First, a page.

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Grant S.

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    North Carolina, USA

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  1. While the silhouette is clearly not the Enterprise, everything else about the patch suggests that it is the Enterprise. The "around the world" could reference the famous trip by the Enterprise, Long Beach and Bainbridge. The "in the dark" suggests the Engineering Dept. If you read the silhouette as a reference to nuclear power you get "The Nuclear Option," a common phrase back then. The incorrect shape of the superstructure could just be because the maker didn't realize the Enterprise was so distinctive or didn't have a pattern for it. Operation Sea Orbit
  2. He has no understanding or liking of the military. He has no clue about the kind of stresses a senior commander is under. He doesn't know what it is to be a leader of men. His acting range is limited. He has never had a similar role. Of course, you could say this about 90% of actors, but when I picture Adm. Nimitz, Woody Harrelson is literally the last person that comes to mind as a suitable actor to portray him. Off the top of my head I would say Kiefer Sutherland is a better choice. I might actually watch the movie were he in it, but with Woody, I'll pass. And that's the last
  3. Every war movie ever made has had an "historical advisor." Take three recent examples - War Horse, Fury and Dunkirk. All had historically accurate uniforms and equipment, yet all were terrible (in my opinion, of course) because of choices the director made. This movie will be no different.
  4. The remake no one asked for starring possibly the most inappropriate actor ever as Adm. Nimitz. Can't wait. I guarantee at least 3 bomb's-eye views of bombs being dropped on carriers. Nimitz will talk directly to pilots in their cockpits. Ships will explode as if they were made of solid nitro glycerine. Look closely and you will see at least three people wearing WWII Victory ribbons.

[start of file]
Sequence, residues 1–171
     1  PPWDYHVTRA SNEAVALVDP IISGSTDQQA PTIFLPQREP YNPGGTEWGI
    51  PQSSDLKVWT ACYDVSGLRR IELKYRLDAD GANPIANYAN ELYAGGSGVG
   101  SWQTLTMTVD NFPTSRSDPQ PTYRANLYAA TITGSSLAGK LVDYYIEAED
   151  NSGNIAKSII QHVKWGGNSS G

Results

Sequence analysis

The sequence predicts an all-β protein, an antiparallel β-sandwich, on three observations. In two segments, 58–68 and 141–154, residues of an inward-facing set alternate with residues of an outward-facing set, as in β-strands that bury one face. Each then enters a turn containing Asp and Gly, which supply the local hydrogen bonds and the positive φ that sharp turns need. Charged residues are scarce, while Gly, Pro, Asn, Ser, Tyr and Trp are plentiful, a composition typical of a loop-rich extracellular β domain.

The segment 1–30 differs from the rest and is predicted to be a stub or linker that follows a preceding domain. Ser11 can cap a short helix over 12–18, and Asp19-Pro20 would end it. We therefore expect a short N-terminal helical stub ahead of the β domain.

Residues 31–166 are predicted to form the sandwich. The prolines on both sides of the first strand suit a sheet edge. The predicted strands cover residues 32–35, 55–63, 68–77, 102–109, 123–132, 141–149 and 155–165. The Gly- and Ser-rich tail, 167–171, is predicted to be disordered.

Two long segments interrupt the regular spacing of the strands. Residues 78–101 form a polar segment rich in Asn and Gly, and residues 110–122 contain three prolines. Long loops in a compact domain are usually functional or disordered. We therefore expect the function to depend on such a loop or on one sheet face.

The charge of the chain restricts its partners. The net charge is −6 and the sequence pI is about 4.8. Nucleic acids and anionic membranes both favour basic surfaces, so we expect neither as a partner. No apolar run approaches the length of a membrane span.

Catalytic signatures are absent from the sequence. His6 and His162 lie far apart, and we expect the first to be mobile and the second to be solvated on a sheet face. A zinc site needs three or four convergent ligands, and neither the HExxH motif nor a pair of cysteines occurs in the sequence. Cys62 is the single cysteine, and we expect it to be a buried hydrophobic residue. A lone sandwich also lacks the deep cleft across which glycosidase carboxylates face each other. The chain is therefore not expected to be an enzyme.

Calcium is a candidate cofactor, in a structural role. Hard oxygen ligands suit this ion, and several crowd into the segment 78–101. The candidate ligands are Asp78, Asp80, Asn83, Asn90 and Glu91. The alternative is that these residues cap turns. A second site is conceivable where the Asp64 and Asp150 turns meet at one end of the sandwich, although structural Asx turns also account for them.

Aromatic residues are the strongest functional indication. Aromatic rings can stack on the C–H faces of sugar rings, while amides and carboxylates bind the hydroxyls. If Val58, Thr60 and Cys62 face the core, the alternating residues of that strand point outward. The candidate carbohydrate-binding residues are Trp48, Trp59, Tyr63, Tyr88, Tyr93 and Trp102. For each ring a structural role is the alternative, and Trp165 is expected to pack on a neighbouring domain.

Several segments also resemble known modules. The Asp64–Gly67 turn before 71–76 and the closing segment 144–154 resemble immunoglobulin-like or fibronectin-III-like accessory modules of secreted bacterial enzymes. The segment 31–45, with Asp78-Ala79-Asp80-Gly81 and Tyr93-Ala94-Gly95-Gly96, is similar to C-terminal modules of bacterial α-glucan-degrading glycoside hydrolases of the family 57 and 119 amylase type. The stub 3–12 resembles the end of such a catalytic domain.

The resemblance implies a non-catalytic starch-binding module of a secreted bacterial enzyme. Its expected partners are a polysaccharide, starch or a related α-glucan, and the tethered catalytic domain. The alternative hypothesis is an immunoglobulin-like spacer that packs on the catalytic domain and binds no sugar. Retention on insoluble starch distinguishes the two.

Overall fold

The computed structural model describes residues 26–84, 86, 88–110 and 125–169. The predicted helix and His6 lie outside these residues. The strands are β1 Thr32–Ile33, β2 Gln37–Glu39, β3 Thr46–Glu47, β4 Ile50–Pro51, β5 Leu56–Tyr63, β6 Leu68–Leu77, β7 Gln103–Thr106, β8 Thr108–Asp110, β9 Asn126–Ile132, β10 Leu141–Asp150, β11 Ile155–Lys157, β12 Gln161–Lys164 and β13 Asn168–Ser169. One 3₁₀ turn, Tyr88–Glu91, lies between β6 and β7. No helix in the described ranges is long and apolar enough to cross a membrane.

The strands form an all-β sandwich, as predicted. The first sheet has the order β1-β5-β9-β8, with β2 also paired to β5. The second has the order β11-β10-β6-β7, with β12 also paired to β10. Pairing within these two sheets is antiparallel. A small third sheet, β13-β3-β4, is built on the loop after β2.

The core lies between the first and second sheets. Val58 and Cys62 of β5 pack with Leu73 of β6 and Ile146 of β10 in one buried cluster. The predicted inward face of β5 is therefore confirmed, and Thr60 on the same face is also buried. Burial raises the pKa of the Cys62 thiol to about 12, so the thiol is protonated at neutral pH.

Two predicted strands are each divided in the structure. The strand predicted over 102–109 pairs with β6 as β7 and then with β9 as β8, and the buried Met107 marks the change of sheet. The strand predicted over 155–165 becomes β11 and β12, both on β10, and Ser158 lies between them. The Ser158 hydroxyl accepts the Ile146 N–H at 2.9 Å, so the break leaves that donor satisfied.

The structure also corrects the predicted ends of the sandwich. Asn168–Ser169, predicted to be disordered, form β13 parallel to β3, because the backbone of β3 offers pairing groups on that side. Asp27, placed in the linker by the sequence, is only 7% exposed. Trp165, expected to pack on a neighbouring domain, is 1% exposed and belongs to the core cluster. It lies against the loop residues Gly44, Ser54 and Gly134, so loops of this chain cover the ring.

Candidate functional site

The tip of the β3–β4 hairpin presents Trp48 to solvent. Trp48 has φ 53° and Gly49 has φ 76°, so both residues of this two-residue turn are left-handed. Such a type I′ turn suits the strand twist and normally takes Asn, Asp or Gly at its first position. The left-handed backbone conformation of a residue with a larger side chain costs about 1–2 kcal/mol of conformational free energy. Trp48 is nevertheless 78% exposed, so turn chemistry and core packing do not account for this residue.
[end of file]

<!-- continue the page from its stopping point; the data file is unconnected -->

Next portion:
5. "CONELRAD" stands (stood?) for control of electromagnetic radiation. Maybe CONRAD shortened it to control of radiation?
  6. So if you got out after WWII and reenlisted or were drafted for Korea, you would remove your honorable discharge patch while serving, right? This never occured to me until I saw the first jacket.
  7. I don't see a crown. The letters "USMS" may look like a crown, but they are not. Clearly a British coat, though. My guess is mash-up theatrical piece. The buttons and coat both have value, they just don't go together.
  8. I have seen a lot of razors but none like this. My guess would be British or German. Obviously if you can find who's manufacturer's mark that is you'll have the answer.
  9. Coincidentally I just saw a cut down barrel carrier just like that in an antique mall. My first thought when I saw it was 'machete sheath!' Then when I got up close it was 'oh...'
  10. Just to add to the chorus, at the museum I have seen 100 uniforms with similar markings, sometimes in multiple places, with no reason to doubt the authenticity of any of them.
  11. I think I saw a picture of that in Emerson. Ralph Waldo Emerson. In his short "military headgear designs" period.
  12. Just a guess but could be British .455. Looks pretty much the same as the US one.
  13. "Acid test" usually means they are made by AMCRAFT. And yes, this happens all the time.
  14. Looks like a home-made commemorative patch.
  15. Funny how long-dormant threads just come back to life. We still have the bottles, by the way.
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